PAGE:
Business owners who have invested a lot of time and money growing may strongly feel the need to retain ownership of the business within the family when they exit.
If you are looking at handing over the reins of your business to a relative, either by gifting it or selling it, you must consider the impact it would have on both your business and your family.
Selecting a successor in the family
What’s best for the future of the business should always be given top priority when choosing a family successor. While you may wish to secure your children’s future by leaving them the business, it could create problems if they don’t really want to take responsibility for it. You must choose a successor that possesses both the required skills and dedication to lead the business forward. Don’t let emotion rule your decision. You can benefit from creating a board of non-relatives to gain an impartial opinion.
Problems could arise when picking a successor. Naming just a single successor may create disputes if other family members are also interested in heading the business. Alternatively, naming more than one successor could bring about disputes because there is no obvious leader. Major problems could also arise if the successor(s) fail to come to an agreement on how the company should be run.
Ideally, the role of successor should be earned, not just inherited. To find out how suitable and committed a potential successor(s) is, set up a trial period during which they would be assigned to work in all areas of the business.
Ownership and management
The method of transferring both ownership and management is a major consideration in family succession planning. Use the following questions as a guide when planning family succession:
- Will both ownership and management be handed over to relatives?
- Will the business be equally owned by the family members?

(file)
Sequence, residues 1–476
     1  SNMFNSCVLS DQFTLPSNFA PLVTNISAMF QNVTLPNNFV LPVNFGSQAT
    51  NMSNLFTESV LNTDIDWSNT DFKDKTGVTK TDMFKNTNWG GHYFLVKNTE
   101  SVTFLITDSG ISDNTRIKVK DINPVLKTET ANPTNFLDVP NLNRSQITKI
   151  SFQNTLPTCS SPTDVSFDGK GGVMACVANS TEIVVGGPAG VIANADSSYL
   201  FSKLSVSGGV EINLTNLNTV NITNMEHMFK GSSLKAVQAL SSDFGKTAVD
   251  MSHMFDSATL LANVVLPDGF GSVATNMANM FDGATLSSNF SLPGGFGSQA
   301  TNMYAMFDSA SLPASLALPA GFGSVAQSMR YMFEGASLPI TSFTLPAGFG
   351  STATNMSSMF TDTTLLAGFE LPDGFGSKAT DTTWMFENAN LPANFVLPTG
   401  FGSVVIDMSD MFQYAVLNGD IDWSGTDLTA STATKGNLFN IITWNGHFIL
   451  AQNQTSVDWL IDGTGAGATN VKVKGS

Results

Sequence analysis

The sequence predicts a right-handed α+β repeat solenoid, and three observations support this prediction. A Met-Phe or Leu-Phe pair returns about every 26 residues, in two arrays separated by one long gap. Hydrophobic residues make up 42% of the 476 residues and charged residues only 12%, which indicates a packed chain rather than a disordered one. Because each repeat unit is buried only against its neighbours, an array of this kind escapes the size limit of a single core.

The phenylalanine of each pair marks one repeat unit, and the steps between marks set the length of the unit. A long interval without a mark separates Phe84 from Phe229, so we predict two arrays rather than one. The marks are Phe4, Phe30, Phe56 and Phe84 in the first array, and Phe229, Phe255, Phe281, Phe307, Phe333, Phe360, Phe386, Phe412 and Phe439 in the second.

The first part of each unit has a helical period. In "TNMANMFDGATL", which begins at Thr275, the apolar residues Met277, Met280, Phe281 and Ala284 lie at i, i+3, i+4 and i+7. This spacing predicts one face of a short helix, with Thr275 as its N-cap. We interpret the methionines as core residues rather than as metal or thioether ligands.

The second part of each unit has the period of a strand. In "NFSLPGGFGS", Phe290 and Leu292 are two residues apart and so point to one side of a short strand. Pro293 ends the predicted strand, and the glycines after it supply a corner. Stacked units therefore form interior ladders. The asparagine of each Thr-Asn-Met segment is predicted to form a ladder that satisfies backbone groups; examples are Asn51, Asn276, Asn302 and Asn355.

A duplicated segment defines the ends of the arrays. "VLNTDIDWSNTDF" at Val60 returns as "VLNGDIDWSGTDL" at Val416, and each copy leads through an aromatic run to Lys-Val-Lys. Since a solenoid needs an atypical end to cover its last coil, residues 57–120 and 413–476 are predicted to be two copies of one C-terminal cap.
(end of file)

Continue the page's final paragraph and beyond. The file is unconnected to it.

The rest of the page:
- Will non-family members be given management roles?
- Do you have to modify the goals and long-term targets of the business?
- What method do you use to quantify the success or performance of the business?
- Who are the family members who will take active participation in the business? What are their duties and responsibilities?
- Will there be relatives who will take non-active ownership?
- Is training or mentoring needed by your successor?
- Do you wish to take on an adviser role after you hand over ownership of your business?
Financial and legal matters
Consider the legal and financial impact of family succession and add these in your succession plan:
- How are you transferring the business to your family: by gifting it or selling it?
- Is creating a trust required as part of the succession? There are tax implications when you set up a family trust to own and run the business on behalf of your children.
- Will you get the business’ market value if you are selling it to a relative? Make sure you are rewarded justly for all the work you have done for the business and avoid financial disagreements by obtaining a professional valuation.
- Which would you prefer: receive a regular dividend from the business or get a lump sum?
Before selling all or part of your business, make sure to obtain professional legal and financial guidance.
Communication and dispute resolution
An important aspect of family succession planning is open communication. Both family and key staff should be included in any decision-making associated with the future management and ownership of the business. Their views and opinions are important. Look over the plans regularly with relatives to ensure they are up to date and content with the progress.
Having a process for resolving disagreements is also essential. Emotion cannot be totally eliminated in family businesses. So it is a good move to get an objective opinion from a trusted third party such as a lawyer, accountant or family business adviser.
Get help when taking on a family succession process for your business. PJS Accountants offer a host of services including accounting, taxation, business improvement, superannuation, business valuations, asset protection, succession planning and bookkeeping. We have been dealing with local businesses in Capalaba, Cleveland and the Redlands for over 30 years. Our team is always available to take your call and help with your business needs. For enquiries, contact PJS Accountants.